Passion in the Sun (1964) Sexploitation Film Soleil is also known as The Girl and the Geek. It's got two superficial storylines basically the escape of a geek from a freak show at an amusement park, and the kidnapping of a stripper at an airport.

These plot points are the premise for depicting what can only be described as a lot of Tits & Ass for  Grindhouse movie theaters. The value with a lot of these Exploitation flicks is three fold. The first and foremost is their archival value, they are basically a good and candid record, in this case of circa 1963-4 coastal Texas. Equally interesting in an archival manner are the circa '64 stripper dance routines. They are quite quaint by today's standards.

The second is that they occasionally contain some quite beautiful crisp Black and White cinematography. The third is that they helped to spearhead the sexual revolution and also the bounds of what was acceptable at that particular moment in time, their cheapness requiring a good amount of creativity. Can be found to download or on DVD from Something Weird Video. 5.5/10

I, Tonya
(2017) Neo Bio Noir On Skates. A Bio Noir that is a fantastically entertaining combo of ice-skating Noir Suspense (1946) (yes there was one), small time racketeering in The Setup (1949), the victim of circumstances of Detour (1945), the end of the professional road depicted in Requiem For A Heavyweight (1962), with the dimwit three stooges like shenanigans of the cheap crooks in Deadline At Dawn (1946), Manhandled (1949) Raising Arizona (1987), Wild At Heart (1990), Hit Me (1996), Fargo (1996), The Big Lebowski (1998), and Before The Devil Knows You're Dead (2007).

Directed competently and stylishly by Craig Gillespie. The film was written by Steven Rogers and based on the sometimes contradictory interviews with all the participants. I, Tonya sort of depicts a modern take on the type of small time racketeering that in Classic Hollywood would have focused on boxing or horse racing. That it is about the "seedy underworld" of ice skating (who would of thunk it) makes it all the more hilarious. Aftermath interviews are displayed in 4:3 ratio. It's a lot of fun to watch 9/10.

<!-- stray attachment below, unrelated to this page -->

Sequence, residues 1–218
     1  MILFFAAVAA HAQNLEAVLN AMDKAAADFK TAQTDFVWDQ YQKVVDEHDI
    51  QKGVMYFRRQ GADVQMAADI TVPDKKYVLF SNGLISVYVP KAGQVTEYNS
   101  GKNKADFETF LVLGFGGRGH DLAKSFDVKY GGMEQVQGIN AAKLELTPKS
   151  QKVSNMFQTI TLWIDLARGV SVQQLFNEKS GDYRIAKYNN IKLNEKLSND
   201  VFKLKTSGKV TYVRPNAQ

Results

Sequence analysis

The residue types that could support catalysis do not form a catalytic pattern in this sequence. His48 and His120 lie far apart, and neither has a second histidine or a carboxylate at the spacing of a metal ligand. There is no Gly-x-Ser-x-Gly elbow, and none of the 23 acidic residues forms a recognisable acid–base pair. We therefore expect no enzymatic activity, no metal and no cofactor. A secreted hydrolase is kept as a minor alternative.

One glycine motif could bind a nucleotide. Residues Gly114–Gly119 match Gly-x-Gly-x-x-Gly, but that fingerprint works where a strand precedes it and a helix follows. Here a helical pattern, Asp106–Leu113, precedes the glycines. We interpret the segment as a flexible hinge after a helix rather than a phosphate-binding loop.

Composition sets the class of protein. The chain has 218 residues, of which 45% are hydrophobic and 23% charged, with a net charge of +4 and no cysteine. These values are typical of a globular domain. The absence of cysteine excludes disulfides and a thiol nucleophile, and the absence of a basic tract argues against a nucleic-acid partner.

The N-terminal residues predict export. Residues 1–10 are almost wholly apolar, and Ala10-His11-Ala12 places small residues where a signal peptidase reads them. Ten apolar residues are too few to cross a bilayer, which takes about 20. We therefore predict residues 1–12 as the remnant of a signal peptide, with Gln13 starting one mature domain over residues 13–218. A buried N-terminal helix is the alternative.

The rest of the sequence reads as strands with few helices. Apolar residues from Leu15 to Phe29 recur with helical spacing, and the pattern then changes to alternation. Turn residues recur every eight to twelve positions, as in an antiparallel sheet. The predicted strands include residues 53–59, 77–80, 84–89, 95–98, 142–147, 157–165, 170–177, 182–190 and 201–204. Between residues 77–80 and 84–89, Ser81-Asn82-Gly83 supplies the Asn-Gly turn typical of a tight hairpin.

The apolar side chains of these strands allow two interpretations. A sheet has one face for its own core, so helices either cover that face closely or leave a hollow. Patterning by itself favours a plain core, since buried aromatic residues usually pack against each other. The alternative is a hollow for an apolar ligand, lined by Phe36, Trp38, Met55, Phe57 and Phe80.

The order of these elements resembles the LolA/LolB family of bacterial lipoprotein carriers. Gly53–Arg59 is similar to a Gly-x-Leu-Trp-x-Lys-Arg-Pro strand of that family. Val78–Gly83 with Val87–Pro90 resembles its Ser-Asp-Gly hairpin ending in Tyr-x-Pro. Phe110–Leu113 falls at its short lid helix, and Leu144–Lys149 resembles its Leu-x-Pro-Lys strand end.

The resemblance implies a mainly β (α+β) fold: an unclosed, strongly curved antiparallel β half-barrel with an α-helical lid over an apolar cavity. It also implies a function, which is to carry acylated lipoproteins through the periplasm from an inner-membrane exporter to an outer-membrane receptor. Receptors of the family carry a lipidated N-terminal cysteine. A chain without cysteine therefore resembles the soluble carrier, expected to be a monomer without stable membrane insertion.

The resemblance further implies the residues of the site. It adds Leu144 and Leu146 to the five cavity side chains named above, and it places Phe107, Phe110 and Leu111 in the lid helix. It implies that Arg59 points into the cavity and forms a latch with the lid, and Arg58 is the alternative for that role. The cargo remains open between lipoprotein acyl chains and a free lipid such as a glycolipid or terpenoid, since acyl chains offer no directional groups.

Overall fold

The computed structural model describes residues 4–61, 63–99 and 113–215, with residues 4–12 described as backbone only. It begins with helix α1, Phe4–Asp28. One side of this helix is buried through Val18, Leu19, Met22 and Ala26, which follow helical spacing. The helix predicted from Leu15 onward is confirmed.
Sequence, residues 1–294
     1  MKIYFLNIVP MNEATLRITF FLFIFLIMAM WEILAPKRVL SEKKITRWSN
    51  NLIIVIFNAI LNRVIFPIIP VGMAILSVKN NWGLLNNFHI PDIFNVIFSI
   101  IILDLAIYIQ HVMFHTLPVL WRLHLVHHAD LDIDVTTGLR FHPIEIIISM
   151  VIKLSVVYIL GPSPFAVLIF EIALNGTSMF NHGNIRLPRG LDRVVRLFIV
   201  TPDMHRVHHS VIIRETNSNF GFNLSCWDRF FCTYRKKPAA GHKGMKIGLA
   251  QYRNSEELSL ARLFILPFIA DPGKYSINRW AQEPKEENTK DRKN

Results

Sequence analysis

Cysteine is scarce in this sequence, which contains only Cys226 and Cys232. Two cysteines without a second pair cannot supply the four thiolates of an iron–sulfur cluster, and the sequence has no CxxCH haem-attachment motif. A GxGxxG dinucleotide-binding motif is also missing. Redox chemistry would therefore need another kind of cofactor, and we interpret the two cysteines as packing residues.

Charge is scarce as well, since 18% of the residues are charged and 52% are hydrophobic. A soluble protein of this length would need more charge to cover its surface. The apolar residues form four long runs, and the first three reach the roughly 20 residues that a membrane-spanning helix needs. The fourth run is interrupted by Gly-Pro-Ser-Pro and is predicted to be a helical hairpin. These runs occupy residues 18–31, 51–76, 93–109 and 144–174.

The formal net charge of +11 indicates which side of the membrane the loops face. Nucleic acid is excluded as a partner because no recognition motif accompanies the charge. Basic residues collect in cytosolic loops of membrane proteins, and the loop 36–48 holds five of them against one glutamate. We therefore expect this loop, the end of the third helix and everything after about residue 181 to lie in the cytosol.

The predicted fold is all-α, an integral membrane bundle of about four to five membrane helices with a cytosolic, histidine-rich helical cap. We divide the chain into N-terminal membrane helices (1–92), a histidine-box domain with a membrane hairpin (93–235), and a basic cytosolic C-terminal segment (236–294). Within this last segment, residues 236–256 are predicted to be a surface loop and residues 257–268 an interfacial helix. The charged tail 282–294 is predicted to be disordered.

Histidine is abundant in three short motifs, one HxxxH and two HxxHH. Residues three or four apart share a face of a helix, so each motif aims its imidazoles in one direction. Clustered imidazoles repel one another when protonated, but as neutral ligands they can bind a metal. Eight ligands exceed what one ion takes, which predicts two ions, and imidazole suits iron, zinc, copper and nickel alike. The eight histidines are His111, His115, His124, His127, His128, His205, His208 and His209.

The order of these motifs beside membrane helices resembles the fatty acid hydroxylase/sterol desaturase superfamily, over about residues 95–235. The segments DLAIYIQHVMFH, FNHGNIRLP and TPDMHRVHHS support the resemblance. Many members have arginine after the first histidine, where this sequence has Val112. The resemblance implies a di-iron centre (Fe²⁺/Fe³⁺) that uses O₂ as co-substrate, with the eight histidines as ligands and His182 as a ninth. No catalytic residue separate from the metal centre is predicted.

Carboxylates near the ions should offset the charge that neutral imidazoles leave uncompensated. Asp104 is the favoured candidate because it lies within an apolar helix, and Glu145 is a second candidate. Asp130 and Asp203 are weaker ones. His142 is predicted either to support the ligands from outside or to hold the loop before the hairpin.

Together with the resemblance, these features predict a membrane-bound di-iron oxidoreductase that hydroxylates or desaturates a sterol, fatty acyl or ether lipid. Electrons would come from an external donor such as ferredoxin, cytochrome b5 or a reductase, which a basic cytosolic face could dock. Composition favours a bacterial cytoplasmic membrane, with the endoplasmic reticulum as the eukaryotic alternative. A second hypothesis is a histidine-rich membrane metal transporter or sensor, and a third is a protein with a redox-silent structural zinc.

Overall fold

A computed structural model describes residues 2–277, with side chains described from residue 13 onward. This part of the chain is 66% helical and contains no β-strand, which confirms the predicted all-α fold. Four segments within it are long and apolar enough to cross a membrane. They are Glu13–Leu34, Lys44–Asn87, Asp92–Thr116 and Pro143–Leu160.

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« #18627 : October 29, 2019, 12:26:44 AM »

I'll have to check this on out then.

You’ll at least like the flawless attention to historical details. The sets, costumes, props and as much as possible even the animals and plants are consistent with the period. Everything was built with materials that puritans were using at the time.


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« #18628 : October 29, 2019, 05:30:54 AM »

Here are some movies I've been watching recently with quick thoughts:

A Hidden Life (Terrence Malick, 2019) - 10/10
I already posted this one, but it's been a month and hasn't left my brain. A masterpiece.

All About My Mother (Pedro Almodovar, 1999) - 7.5/10
Stay away from this one, drink.

Daddy Longlegs (Safdie Brothers, 2009) - 8/10
A Cassavettes-inspired dramedy. Ronald Bronstein is an enigmatic lead in this, with a unique charm to him that reminds me of 70's-era Elliot Gould. it's a shame he doesn't seem to want to act anymore. Great writer, though.

Heaven Knows What (Safdie Brothers, 2014) - 9/10
I typically hate hyper-realism in indie movies, but something really fucking works here. This heroin drama makes Requiem for a Dream look like a joke, and has a dark sense of humor to boot (maybe? or am I a sick fuck?). It's completely harrowing with an opening ten minutes that grabs you by throat and kicks you in the balls over, and over, and over.

Good Time (Safdie Brothers, 2017) - 9/10
Everyone at SLWB, watch this right away. One of the better, convention-bending crime / heist / neo-noir films I've seen in a long time. And the best part is the clear Of Mice and Men influence.

Uncut Gems (Safdie Brothers, 2019) - 8/10
Caught the follow-up to Good Time a bit early at New Hampshire Film Fest. Probably Adam Sandler's best performance. Definitely best performance of the year (yes, including Joaquin). It's a bit too long for it's own good, and I was pretty drunk, so I was getting a bit lost toward the end. I'm excited to rewatch this with a pause button in hand - could be a 9. These Safdie guys are gonna be big. This is Scorsese-produced for a reason (unlike other films he has produced).

The Lighthouse (Robert Eggers, 2019) - 8.5/10
Another one I can't wait to see again. The black and white photography is a 10/10. It's a comedy with the vibe of a horror film. One of the year's best, and a much much better film than his previous, The Witch.

The Witch (Robert Eggers, 2015) - 6/10
Beautifully constructed, but boooooooooorrrrrriiiiiinnnnggg. Subtitles required.

Western Stars (Bruce Springsteen, 2019) - 7/10
Concert movie. A solid performance. For Bruce fans only.

Some forgettable 4's and 5's and 6's going around the film fest circuit: Colewell (2019), Monos (2019), South Mountain (2019). Wouldn't be surprised if Monos gets some love after some time, but it's not my thing.




« : October 29, 2019, 05:47:23 AM PowerRR »
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« #18629 : October 29, 2019, 06:07:21 AM »



All About My Mother (Pedro Almodovar, 1999) - 7.5/10



A masterpiece from one of the best directors who are still working.